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Sweating the Details: Carhartt Beats the Heat

By Dave J. Moore, Brand Archivist and Historian

It’s summertime and it’s darn hot outside. Today, more than ever, our hardworking consumers are turning to us to help them weather the sweltering summer days. Although the Carhartt technologies that help wick sweat, regulate temperature, and fight odor are relatively new developments, we’ve been studying the heat for decades. The most technical garments we offer today are the product of years of adaptation and innovation.

Of course, we’ve always been known for our durable, heavy-duty brown duck fabric. But when we made our first foray into clothing for outdoors enthusiasts, we developed some new strategies to take the weight down. A great example (and a great name) was our Knockabout cloth. Made as an alternative to our heavyweight Super Dux hunting fabric, it was “nearly as waterproof and snagproof as SUPER DUX, yet weighs only one-fourth as much – a fabric that will appeal to every sportsman.”

enlarge image Knockabout Coat, 1931
Knockabout Coat, 1931

This idea of heavy- and lightweight counterparts was prevalent in our 1930s outdoor clothing line. Constructed of a lighter weight moleskin, the Camper’s Shirt provided an alternative to the Hunter’s Shirt, and was “ideal for summer wear for any sport.”

enlarge image Moleskin Shirts, 1931
Moleskin Shirts, 1931

Different fabrics were also the key to dealing with warmer environments and varying job requirements in our standard garment line. I pulled our 1952 catalog out of the archive as a representative example, describing materials of different weights. Let’s break it down – of course, you had our brown duck, weighing in the heaviest at 11 ounces. Next came our denim options, coming in a bit lighter at nine ounces. Finally, there was our white sail cloth, grey covert cloth, and fisher cloth, just a hair under the denim at eight ounces.

enlarge image Allovers [Coveralls], 1952
Allovers [Coveralls], 1952

Lighter fabrics and garments that were cut for warm weather wear certainly played into our marketing around that time as well.

enlarge image Carhartt advertisement, circa 1939
Carhartt advertisement, circa 1939

When the 1960s rolled around, we upped our game on warm weather options. We also got pretty creative with branding. Enter Master Gab: “Smart, medium weight gabardine construction for spring and summer work wear... Tailored to keep their rugged good looks, on the job, on the golf links, or just relaxing.” It was right at home among its companions in ’64, including Master Sheen, Master Twill, Master Cord, Master Craft, and of course the iconic Carhartt Master Cloth, pioneered by founder Hamilton himself.

enlarge image Master Gab pants, 1964
Master Gab pants, 1964

While Master Gab created an option for both on- and off-the-job wear, we also introduced some products that were solely casual. Our Surfers were geared toward a younger consumer. As the ad says, “young adults” were “on the march for CARHARTT’S.”

enlarge image Surfers, 1964
Surfers, 1964

By the early 1990s, we had cemented lightweight casual wear as a staple in the product line. Check out my previous article on Carhartt casual wear if you’d like to know more.

In 1988, we introduced one of our first products with advanced fabric technology. The Wick Dry Boot Sock was engineered to wick moisture away from feet naturally to keep them warm and dry. In 1995, it was joined by the Coolmax sock, which was also designed to push moisture away from the foot, but created specifically for warm weather wear. Constructed of 50% Coolmax polyester, 30% stretch nylon, and 20% cotton, it represented a huge step forward in comfort and movement. We continued to develop this product throughout the late ‘90s and ‘00s.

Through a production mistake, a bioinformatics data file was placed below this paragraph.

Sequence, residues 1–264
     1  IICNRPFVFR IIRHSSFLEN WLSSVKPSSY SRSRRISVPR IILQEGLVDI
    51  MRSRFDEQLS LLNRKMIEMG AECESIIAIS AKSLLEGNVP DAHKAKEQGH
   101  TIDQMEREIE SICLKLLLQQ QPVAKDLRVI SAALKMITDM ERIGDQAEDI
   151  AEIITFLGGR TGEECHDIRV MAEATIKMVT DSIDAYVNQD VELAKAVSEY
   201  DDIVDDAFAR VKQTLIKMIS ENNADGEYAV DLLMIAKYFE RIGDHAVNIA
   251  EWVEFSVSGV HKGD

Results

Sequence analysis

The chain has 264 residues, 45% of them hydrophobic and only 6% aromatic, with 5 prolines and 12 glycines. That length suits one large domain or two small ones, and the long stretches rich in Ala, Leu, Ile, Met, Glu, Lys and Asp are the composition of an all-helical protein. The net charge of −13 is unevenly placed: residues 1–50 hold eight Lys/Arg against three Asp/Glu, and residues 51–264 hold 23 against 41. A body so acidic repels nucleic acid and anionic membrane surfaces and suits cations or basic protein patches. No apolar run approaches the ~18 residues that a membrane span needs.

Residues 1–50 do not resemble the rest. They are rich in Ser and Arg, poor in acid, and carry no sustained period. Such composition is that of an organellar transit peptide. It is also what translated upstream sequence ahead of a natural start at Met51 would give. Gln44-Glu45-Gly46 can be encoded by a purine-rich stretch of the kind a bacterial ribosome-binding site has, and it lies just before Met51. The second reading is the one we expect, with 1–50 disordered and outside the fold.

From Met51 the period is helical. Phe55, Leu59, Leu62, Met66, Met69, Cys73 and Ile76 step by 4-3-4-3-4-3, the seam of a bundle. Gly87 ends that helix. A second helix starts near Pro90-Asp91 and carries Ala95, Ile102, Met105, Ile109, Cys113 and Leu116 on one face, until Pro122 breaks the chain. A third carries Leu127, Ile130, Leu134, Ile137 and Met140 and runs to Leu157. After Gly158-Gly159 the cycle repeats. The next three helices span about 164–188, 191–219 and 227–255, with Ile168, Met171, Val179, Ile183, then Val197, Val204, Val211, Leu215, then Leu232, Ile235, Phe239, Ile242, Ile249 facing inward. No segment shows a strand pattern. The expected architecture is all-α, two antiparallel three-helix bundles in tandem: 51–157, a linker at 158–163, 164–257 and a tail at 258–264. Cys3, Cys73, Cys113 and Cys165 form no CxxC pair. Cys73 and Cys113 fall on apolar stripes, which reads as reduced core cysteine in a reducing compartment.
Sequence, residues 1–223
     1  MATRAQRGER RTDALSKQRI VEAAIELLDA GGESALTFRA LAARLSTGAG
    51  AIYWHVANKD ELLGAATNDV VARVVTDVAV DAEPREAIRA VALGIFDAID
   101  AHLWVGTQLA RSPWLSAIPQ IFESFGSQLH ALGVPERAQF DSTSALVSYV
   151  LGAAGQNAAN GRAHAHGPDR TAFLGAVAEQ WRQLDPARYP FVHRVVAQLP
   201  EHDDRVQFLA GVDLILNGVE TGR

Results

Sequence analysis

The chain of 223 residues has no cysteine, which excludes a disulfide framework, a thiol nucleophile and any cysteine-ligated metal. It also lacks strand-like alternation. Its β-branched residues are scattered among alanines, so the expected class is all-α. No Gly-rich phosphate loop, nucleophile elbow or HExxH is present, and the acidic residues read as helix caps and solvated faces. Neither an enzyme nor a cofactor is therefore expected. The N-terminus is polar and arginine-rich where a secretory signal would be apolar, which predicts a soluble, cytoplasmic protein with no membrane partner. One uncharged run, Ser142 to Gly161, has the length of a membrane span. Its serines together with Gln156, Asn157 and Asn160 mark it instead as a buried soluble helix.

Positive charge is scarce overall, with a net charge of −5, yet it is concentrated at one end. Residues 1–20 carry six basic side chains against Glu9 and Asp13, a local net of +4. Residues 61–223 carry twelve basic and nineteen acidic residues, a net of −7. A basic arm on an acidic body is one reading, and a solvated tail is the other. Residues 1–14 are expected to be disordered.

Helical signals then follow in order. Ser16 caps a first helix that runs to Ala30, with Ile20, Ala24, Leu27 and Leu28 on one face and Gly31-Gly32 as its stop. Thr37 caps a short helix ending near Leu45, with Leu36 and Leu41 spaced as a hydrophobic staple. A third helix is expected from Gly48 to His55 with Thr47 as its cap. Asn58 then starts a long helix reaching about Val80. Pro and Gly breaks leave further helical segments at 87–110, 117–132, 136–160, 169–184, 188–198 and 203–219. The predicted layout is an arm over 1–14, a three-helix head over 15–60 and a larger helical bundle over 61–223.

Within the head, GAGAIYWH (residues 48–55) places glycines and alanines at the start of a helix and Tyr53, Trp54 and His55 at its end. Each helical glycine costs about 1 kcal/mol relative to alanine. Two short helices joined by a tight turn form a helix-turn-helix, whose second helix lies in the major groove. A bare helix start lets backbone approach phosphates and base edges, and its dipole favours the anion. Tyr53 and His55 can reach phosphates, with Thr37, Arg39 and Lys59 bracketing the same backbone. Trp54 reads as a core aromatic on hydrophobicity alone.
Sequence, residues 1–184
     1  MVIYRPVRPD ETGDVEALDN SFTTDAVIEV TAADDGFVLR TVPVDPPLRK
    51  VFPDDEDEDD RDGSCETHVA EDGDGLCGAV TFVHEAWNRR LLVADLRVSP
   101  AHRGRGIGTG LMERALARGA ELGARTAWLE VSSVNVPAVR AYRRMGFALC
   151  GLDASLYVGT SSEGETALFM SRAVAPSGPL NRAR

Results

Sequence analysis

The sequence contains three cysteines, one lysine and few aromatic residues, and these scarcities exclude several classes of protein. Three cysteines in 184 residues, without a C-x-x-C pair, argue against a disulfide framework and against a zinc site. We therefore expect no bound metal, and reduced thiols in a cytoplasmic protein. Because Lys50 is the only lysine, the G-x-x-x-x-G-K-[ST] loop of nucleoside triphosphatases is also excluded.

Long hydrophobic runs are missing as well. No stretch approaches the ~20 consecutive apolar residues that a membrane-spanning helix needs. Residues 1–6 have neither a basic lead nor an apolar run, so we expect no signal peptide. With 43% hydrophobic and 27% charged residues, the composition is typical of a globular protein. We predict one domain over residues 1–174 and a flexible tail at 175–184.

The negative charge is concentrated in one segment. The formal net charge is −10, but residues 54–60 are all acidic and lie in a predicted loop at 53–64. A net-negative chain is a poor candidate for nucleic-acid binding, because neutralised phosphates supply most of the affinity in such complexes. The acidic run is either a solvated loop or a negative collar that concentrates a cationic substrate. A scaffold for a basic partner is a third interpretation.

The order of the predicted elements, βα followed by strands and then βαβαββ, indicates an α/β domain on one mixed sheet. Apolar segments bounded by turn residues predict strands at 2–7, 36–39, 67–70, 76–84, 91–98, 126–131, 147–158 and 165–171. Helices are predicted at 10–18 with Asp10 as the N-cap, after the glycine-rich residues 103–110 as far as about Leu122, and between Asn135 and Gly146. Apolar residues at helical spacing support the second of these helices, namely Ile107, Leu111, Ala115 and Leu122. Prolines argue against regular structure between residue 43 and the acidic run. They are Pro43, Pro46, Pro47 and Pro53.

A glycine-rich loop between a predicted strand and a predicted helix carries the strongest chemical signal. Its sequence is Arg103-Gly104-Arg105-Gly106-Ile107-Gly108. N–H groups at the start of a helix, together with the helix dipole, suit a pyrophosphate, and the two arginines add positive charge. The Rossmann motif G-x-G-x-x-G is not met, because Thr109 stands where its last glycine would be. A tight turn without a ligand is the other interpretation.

enlarge image CoolMax socks, Spring 2006
CoolMax socks, Spring 2006

The next logical step was to bring this Coolmax-type of technology into our main garment line. Enter Work-Dry: according to Carhartt VP of Product Development Deb Ferraro, “When developed, we of course had consumer need in mind. We were looking to introduce a lighter weight tee than the K87 that would be appropriate for hot weather.” The Work-Dry fabric, a special six ounce, 60% cotton, 40% polyester blend, was a huge step forward in combining legendary Carhartt durability with a new level of comfort for hot conditions.

enlarge image Work-Dry T-Shirt, Spring 2005
Work-Dry T-Shirt, Spring 2005

But here at Carhartt, we’re never satisfied. Product development is a non-stop process, based first and foremost on feedback from our hardworking consumers. We’re always looking to take our products to the next level, and in the case of gearing up for hot weather, that next level was Force®. The first Force® products were introduced in Spring 2013. The Delmont T-shirt was designed not only to be durable, keeping up the legacy of our classic K87, but also incorporated FastDry® (our most advanced moisture wicking technology to date) and Stain Breaker®. These were two extremely important attributes our consumer was looking for in their ideal T-shirt.

enlarge image Carhartt Force introduction, Spring 2013
Carhartt Force introduction, Spring 2013

We kicked Force® up another notch in Spring 2016 when we introduced Force Extremes®, which added 37.5® technology. This made Force Extremes® our fastest drying products yet. With both Force® and Force Extremes®, we focused on merging the performance aspects of athletic wear with classic Carhartt workwear durability. The end result? A hierarchy of product offerings that allow our consumers to get exactly what they need to do their job, especially when the thermometer starts to climb.

Products referenced in the article

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